Thai parliament under siege

Ministers flee by chopper; state of emergency in Bangkok

Thai parliament under siege

Dissent in the air: A protester waves a Thai national flag inside parliament in Bangkok on Wednesday. REUTERS

The red-shirted supporters of ousted premier Thaksin Shinawatra retreated from Parliament but tens of thousands remain in Bangkok’s main shopping district, refusing orders to leave until Prime Minister Abhisit Vejjajiva dissolves parliament.
The “red shirts” responded to the decree with defiance, exhorting followers in rural provinces to mass at city halls.

The state of emergency bans public gatherings of more than five people and gives the army broad powers to control crowds. But Abhisit said the government would not use force. “The government’s goal is to help the situation return to a normal way of life, to maintain the sanctity of the law,” he said.

The scene outside Parliament was among the most chaotic and confrontational since the sporadic protests began on March 12.Protesters massing outside gates of the sprawling complex pressed up against a line of police in full riot gear. When some “red shirts” forced open the iron gate, the police melted away and hundreds swarmed on to the grounds, including dozens packed on a truck that drove into the main entrance.

They pressed up against security forces outside the lobby doors but left after about 20 minutes only to regroup outside the gates, brandishing guns and tear-gas canisters they said were seized in scuffles with the military police.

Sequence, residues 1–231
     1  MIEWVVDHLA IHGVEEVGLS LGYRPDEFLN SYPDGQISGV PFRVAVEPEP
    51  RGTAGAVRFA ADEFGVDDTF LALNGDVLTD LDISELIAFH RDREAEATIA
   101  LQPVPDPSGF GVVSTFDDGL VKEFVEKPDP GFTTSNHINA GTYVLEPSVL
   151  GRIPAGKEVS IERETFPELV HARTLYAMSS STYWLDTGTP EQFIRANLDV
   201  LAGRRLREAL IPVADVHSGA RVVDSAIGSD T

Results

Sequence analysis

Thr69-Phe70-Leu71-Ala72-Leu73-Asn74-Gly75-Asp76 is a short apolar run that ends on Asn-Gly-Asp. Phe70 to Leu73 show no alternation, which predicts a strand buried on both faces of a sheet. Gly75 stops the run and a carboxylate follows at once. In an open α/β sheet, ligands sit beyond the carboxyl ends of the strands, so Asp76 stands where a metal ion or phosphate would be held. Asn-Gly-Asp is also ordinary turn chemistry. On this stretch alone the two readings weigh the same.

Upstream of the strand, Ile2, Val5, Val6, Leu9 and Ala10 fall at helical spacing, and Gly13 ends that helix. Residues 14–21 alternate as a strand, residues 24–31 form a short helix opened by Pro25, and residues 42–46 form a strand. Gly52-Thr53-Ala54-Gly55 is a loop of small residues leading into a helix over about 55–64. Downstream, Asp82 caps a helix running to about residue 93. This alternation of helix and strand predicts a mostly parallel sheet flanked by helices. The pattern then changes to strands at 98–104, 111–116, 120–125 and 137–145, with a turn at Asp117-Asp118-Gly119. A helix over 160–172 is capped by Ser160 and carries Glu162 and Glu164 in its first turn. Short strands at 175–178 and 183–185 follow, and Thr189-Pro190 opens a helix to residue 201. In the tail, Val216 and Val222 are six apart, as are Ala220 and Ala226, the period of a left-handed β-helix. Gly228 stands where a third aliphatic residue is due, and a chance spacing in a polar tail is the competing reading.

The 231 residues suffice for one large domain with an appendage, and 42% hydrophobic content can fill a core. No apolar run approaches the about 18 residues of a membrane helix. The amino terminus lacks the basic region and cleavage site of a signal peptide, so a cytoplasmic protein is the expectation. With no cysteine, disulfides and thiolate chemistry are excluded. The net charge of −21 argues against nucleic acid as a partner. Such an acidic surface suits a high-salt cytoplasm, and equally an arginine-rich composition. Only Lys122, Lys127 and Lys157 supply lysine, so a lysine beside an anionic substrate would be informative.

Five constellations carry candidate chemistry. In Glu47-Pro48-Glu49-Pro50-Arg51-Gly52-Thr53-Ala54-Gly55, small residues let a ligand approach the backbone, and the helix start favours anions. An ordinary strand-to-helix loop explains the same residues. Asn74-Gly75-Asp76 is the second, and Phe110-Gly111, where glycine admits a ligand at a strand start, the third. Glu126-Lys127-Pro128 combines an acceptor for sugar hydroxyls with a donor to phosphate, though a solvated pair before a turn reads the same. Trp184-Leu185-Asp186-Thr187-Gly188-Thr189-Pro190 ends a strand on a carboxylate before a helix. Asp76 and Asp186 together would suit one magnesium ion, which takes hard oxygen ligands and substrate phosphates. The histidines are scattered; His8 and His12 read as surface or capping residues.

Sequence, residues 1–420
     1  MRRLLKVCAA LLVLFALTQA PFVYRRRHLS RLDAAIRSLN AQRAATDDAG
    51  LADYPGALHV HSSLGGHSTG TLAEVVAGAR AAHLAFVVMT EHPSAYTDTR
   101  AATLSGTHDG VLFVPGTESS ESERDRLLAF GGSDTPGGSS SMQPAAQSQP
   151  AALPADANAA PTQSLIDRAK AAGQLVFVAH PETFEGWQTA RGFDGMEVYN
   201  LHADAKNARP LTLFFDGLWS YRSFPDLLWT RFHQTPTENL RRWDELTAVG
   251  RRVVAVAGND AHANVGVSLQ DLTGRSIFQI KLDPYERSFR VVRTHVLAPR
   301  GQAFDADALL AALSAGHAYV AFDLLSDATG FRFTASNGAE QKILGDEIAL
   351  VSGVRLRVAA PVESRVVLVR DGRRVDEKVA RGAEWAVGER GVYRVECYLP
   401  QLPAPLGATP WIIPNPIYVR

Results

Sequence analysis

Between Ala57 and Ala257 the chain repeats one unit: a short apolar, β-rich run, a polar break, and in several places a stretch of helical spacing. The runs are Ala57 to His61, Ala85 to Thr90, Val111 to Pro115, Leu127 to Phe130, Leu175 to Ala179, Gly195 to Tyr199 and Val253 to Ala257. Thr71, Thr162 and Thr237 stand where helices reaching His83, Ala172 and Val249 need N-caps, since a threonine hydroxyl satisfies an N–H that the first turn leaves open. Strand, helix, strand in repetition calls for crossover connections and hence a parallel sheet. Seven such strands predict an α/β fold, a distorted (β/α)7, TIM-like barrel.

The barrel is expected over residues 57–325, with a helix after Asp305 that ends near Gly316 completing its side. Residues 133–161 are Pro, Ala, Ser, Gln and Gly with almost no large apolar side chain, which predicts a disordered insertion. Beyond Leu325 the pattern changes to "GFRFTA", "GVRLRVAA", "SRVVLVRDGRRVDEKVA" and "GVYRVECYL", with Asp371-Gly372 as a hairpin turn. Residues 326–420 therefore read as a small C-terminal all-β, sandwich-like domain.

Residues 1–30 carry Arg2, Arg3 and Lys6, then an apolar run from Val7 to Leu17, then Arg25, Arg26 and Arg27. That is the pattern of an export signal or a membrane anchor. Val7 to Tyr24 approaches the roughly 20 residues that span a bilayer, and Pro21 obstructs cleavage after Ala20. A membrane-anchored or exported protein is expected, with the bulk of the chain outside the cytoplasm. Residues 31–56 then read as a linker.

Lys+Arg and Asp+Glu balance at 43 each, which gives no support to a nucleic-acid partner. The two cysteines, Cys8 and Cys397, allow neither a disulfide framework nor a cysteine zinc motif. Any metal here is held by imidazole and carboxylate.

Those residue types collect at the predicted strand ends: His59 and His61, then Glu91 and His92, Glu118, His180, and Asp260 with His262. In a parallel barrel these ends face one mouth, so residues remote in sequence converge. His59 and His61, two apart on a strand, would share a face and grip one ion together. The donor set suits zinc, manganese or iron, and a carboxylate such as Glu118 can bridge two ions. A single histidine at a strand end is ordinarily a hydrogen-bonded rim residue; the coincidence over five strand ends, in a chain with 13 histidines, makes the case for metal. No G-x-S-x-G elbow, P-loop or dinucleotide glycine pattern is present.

Deputy Prime Minister Suthep Thaugsuban and several other ministers scaled a wall in the compound and escaped by military helicopter. Some had left before the break-in, including Abhisit.

“We have achieved our mission today,” Korkaew Pikulthong, a “red shirt” leader, told the crowd through a bullhorn.

‘Intolerable’
Finance Minister Korn Chatikavanij said prolonged protests could inflict damage on the economy, by causing output this year to be “significantly worse” than a government projection of 4.5 per cent growth, and possibly delay an expected interest rate rise. Another month of protests, he said, “... would be intolerable, not only to the economy as a whole but for the sanity of Bangkokians”.
Abhisit faces pressure from Bangkok’s elite and middle class and even his own government to halt the rally, but has held back to avert a confrontation many believe would cause greater damage.?

An Internal Security Act that allows troops to impose order was also extended on Wednesday for two more weeks. But there was no sign of an imminent crackdown as “red shirts” parade through the city on motorbikes, cars and pick-up trucks, waving red flags.

Army chief Anupong Paojinda, who is central in Thailand’s balance of power, said there was no justification to use force to disperse the crowds.
The “red shirts” have taken aim at the urbane, 45-year-old Oxford-educated Abhisit, whom they see as a front man for an unelected elite and military intervening in politics and operating with impunity.

They say Abhisit lacks a popular mandate after coming to power in a 2008 parliamentary vote following a court ruling that dissolved a pro-Thaksin ruling party. They want immediate elections that Thaksin’s allies would be well placed to win.
Hundreds of police guarded Abhisit’s home on Wednesday. He cancelled his trip to US next week to attend an international nuclear summit, although he planned to join a regional summit in Hanoi on Thursday.

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